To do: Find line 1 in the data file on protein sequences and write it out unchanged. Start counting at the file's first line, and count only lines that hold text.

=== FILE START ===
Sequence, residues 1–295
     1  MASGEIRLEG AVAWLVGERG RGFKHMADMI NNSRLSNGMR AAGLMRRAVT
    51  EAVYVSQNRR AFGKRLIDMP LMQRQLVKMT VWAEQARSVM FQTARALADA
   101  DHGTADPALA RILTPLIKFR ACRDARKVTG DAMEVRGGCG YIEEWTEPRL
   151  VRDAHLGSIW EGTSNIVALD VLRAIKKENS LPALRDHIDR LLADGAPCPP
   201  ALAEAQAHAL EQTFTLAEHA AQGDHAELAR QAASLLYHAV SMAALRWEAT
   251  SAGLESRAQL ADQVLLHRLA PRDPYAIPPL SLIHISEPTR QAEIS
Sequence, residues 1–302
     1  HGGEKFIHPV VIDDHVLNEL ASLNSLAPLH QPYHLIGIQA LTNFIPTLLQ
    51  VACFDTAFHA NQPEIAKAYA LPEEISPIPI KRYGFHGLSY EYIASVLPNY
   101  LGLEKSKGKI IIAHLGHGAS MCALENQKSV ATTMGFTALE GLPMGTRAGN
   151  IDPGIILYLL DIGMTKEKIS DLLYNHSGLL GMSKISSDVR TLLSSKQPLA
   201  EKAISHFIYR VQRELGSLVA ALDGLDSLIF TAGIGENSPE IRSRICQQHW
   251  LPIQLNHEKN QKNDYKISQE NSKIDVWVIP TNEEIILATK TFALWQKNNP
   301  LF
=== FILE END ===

Sequence, residues 1–295